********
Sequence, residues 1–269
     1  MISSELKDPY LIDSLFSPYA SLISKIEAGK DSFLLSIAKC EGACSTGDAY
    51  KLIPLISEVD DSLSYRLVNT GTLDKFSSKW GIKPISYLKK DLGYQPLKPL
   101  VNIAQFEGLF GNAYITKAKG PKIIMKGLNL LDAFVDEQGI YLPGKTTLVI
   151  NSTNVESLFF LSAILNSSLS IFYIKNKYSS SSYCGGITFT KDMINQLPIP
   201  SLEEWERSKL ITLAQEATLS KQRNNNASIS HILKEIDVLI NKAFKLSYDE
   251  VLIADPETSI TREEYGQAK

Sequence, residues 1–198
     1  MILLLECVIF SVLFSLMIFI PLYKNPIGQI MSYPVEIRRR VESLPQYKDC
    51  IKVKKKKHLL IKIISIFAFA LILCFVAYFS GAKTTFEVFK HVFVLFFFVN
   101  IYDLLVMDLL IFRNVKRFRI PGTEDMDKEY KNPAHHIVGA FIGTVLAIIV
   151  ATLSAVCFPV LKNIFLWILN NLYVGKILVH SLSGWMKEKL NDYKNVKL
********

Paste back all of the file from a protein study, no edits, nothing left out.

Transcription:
Sequence, residues 1–269
     1  MISSELKDPY LIDSLFSPYA SLISKIEAGK DSFLLSIAKC EGACSTGDAY
    51  KLIPLISEVD DSLSYRLVNT GTLDKFSSKW GIKPISYLKK DLGYQPLKPL
   101  VNIAQFEGLF GNAYITKAKG PKIIMKGLNL LDAFVDEQGI YLPGKTTLVI
   151  NSTNVESLFF LSAILNSSLS IFYIKNKYSS SSYCGGITFT KDMINQLPIP
   201  SLEEWERSKL ITLAQEATLS KQRNNNASIS HILKEIDVLI NKAFKLSYDE
   251  VLIADPETSI TREEYGQAK

Sequence, residues 1–198
     1  MILLLECVIF SVLFSLMIFI PLYKNPIGQI MSYPVEIRRR VESLPQYKDC
    51  IKVKKKKHLL IKIISIFAFA LILCFVAYFS GAKTTFEVFK HVFVLFFFVN
   101  IYDLLVMDLL IFRNVKRFRI PGTEDMDKEY KNPAHHIVGA FIGTVLAIIV
   151  ATLSAVCFPV LKNIFLWILN NLYVGKILVH SLSGWMKEKL NDYKNVKL